Case Study

WWF: To be truly local and truly global

9 pages
July 2008
Reference: IMD-3-2006

Founded in 1961 in response to concern over the environmental impact of life on earth, WWF had been a major player in the conservation movement in the years since. The organization wove together a network of offices in both funding nations and in countries where the bulk of conservation work was done. The organization had, at first, operated as a marketplace of ideas, programs and financial support. A worthy conservation project would be conceived in one nation and marketed to those offices with the wherewithal to fund it. Projects with the most compelling proposals gained funding. This system resulted both in organizational efficiencies and inefficiencies. By 2006, it had become clear that the organization was “winning the battle but losing the war.” Despite their significant achievements and best efforts, the state of the world was deteriorating. WWF needed to more effectively organize, focus on a few global priorities and coalesce robustly around them. The fate of the world was at stake. Failure was not an option.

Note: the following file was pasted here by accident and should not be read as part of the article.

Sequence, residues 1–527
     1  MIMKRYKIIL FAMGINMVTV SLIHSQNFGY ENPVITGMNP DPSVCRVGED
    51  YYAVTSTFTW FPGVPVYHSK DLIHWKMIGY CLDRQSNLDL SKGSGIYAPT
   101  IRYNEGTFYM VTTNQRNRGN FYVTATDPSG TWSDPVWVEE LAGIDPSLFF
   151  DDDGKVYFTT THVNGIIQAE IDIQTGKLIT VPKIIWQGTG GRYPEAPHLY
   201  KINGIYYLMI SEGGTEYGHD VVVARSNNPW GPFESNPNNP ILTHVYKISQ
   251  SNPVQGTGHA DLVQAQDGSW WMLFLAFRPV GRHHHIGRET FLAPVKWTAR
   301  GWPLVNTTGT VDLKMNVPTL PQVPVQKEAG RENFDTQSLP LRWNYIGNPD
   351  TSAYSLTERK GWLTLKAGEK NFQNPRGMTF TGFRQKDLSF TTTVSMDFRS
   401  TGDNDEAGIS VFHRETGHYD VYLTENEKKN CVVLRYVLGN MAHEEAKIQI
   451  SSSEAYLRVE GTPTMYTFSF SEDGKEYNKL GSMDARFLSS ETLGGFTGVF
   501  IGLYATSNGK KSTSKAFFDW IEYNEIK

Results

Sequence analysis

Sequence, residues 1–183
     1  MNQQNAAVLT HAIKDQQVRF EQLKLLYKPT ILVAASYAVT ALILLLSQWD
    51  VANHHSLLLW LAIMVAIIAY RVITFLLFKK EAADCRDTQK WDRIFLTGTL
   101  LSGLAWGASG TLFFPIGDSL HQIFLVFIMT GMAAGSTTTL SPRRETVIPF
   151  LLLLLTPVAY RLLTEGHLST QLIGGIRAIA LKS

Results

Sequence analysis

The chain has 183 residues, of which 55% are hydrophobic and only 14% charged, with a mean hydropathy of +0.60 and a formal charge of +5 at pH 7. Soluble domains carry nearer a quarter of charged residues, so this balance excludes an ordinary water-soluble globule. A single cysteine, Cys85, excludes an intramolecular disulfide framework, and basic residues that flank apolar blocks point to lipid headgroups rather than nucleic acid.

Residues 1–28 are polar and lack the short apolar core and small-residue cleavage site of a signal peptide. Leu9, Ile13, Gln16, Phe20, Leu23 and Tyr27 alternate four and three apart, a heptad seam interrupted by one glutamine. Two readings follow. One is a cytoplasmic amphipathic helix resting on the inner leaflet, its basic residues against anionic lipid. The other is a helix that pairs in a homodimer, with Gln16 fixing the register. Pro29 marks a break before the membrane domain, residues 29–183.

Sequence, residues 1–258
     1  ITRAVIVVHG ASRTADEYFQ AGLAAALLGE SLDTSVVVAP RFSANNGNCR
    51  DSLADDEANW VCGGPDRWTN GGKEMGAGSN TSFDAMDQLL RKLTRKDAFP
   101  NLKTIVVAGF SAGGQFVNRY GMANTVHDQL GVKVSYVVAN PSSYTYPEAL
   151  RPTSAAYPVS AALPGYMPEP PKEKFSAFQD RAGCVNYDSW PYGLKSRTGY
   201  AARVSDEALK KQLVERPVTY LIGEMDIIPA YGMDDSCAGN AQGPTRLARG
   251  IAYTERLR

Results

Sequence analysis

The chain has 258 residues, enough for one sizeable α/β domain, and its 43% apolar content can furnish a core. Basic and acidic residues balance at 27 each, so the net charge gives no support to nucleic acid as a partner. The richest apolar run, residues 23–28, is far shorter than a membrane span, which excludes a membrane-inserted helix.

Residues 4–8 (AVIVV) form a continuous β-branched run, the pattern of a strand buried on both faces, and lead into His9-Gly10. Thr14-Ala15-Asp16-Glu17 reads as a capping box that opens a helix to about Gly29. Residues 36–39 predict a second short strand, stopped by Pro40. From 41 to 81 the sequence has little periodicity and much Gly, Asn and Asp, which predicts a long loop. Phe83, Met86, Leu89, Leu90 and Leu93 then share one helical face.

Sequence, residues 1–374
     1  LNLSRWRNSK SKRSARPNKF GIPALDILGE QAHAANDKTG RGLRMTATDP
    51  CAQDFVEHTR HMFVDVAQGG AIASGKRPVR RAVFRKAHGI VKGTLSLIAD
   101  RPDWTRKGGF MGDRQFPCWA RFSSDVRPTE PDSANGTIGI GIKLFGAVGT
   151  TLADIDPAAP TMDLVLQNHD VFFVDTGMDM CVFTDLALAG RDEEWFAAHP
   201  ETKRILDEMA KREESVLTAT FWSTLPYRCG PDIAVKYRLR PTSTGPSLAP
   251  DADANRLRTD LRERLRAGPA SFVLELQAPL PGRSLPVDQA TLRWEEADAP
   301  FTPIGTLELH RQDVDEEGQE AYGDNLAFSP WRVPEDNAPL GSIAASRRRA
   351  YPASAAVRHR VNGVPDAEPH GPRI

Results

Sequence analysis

Learning Objective

Managing centralization and decentralization, Maintaining local and global relevance, Transmitting urgency of mission, Focusing priorities, Capitalizing on organizational strengths, Setting stretch goals.

Change, Corporate Culture, Consensus-building, Goal Setting, Conservation, Non-Governmental Organization
World/global, Switzerland
Field Research
© 2008
Available Languages
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